What exactly do you get when you engage a fee-only financial planner?
This question seems so obvious that it is rarely asked, yet its answer is important.
Fee-only planners, much like attorneys and physicians, are compensated for their knowledge and their services. They do not receive commissions by selling products such as insurance or investments.
For many planners, the decision to be compensated only by fees is based more on ideology and career satisfaction than on profitability. They believe they can do the best planning in a client-advisor relationship rather than in a salesperson-customer relationship.
A real financial planner—as opposed to an investment advisor or financial product salesperson—takes a very broad view with clients, helping them orchestrate everything about their financial lives. This includes such areas as:
• Budgeting and cash flow
• Unbiased insurance advice
• Planning for both financial and non-financial aspects of retirement
• Tax planning
• Estate planning in both financial and non-financial areas
• Making educational and career choices and setting life goals
• Using one’s resources to build a satisfying and fulfilling life
Advisors who receive commissions typically view the scope of the engagement very narrowly, with the focus usually on investments. Commission planning is less work and more profitable than fee-only planning.
Today, an increasing number of consumers are seeking out the services of fee-only planners. The benefit of being a client rather than a customer is the main reason. A fee-only planner owes you, the client, a legal obligation to be your advocate, to disclose all conflicts of interest, and to work in your best interests. A seller of financial products owes you, the customer, nothing but to treat you fairly.
Just to add confusion, some planners are “fee-based,” which means they are compensated in part by fees and in part by commissions. These planners are registered with both the SEC (Securities and Exchange Commission) and FINRA (The Financial Industry Regulatory Authority). They have a fiduciary duty to you as a client when they are doing planning for you, but not when you are a customer and they are selling you a product. If the planning is only tangential to the product, then they have no fiduciary relation with you.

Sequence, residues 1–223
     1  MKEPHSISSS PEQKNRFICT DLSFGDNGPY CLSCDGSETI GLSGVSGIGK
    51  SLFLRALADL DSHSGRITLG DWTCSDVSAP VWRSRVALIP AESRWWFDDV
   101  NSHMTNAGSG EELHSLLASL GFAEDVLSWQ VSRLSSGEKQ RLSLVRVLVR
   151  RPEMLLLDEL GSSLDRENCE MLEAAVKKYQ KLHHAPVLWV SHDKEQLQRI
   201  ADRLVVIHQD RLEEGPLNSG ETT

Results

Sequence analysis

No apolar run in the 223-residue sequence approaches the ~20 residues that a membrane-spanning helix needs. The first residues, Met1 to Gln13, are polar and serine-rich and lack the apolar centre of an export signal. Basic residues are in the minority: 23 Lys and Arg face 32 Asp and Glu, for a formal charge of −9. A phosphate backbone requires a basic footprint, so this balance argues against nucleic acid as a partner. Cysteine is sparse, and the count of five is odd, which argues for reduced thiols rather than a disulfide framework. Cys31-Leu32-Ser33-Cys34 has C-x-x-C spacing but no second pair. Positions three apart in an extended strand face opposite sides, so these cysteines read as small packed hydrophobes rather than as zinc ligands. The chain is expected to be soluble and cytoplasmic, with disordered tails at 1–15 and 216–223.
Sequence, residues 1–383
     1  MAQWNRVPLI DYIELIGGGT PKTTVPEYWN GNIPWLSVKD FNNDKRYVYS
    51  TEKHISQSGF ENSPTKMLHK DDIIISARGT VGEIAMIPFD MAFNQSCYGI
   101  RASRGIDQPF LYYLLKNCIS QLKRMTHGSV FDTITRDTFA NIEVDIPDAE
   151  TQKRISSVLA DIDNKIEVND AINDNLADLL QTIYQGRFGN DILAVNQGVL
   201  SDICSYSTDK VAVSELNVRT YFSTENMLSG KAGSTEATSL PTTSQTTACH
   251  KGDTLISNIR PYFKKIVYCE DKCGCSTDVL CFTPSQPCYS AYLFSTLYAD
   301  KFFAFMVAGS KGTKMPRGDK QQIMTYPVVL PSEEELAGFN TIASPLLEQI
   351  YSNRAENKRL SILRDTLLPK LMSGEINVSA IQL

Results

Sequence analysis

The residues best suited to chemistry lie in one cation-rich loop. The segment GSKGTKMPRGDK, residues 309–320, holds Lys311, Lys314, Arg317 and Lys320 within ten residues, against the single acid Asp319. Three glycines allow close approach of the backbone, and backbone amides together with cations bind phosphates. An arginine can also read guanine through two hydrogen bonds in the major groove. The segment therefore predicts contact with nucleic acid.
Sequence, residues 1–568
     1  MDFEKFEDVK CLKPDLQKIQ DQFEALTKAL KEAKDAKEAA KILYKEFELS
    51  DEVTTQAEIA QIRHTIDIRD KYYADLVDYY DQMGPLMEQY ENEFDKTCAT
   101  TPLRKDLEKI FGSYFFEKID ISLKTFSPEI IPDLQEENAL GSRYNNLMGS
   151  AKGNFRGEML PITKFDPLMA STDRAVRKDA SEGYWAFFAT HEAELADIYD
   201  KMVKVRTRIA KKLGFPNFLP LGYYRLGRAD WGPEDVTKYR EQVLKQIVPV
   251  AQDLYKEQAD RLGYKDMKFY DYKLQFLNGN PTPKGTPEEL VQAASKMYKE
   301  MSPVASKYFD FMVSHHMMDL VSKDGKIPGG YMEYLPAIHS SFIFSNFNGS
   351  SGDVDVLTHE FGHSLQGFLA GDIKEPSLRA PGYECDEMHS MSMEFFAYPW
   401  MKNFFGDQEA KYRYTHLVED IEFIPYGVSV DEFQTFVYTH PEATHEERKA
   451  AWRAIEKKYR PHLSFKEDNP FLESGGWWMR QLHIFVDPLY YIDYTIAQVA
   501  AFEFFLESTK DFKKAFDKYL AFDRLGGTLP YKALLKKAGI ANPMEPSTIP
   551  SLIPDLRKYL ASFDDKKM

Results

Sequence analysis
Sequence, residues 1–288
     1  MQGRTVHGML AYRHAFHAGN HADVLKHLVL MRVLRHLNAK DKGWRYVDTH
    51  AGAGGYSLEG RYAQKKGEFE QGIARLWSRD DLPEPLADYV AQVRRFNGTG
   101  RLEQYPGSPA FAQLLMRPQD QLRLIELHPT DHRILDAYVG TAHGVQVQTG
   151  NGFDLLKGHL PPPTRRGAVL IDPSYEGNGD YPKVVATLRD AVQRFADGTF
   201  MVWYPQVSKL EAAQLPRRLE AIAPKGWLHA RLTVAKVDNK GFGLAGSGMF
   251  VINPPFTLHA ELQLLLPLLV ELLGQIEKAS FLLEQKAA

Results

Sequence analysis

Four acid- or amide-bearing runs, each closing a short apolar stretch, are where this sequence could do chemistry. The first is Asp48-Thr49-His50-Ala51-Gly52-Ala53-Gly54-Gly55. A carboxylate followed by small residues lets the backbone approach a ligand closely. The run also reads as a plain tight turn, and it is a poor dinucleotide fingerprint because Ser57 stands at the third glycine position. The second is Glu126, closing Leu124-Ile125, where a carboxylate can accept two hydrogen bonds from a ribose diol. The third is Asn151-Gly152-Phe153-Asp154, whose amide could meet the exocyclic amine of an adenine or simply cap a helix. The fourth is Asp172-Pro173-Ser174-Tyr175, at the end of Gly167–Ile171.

Fee-only planners tend to cost less and deliver more. One of the most obvious cost savings is because fees are typically less than commissions. Also, fees can be tax deductible where commissions are not. Fee-only clients also receive comprehensive financial advice, where the customers of a commission salesperson typically receive only investment advice.
Clients also can save substantial amounts by following the advice of their financial planner, which is based solely on what the planner perceives to be their best interests. As an example, in a six-month period this year I may have saved some of my clients enough money to pay my fees for the next 35 years.
Here is how it worked: In early March 2009—which we now know was the bottom of the 2008-2009 market crash—about a third to half of my clients wanted to sell most or all of their stocks and go to cash. As an investment professional, I was convinced that we were near a market bottom and to sell out would mean missing the recovery that was sure to come.
I was able to persuade almost all of these clients to keep all or a portion of their portfolios in stocks. Six months later, those who hadn’t sold out were back up 35%. With money market funds paying less than 1%, that same 35% recovery might have taken 35 years had those investments been moved to cash.
As a fee-only planner, I was able to interpose my professional knowledge and experience between my clients and the financial crisis. While I wasn’t able to keep their investments from losing value in the crash, I was able to help them avoid making fear-based decisions that would have cost them much more in the long term.
Such unbiased advice—and the very real financial benefits it can provide—is one of the most important things you get from a financial planner.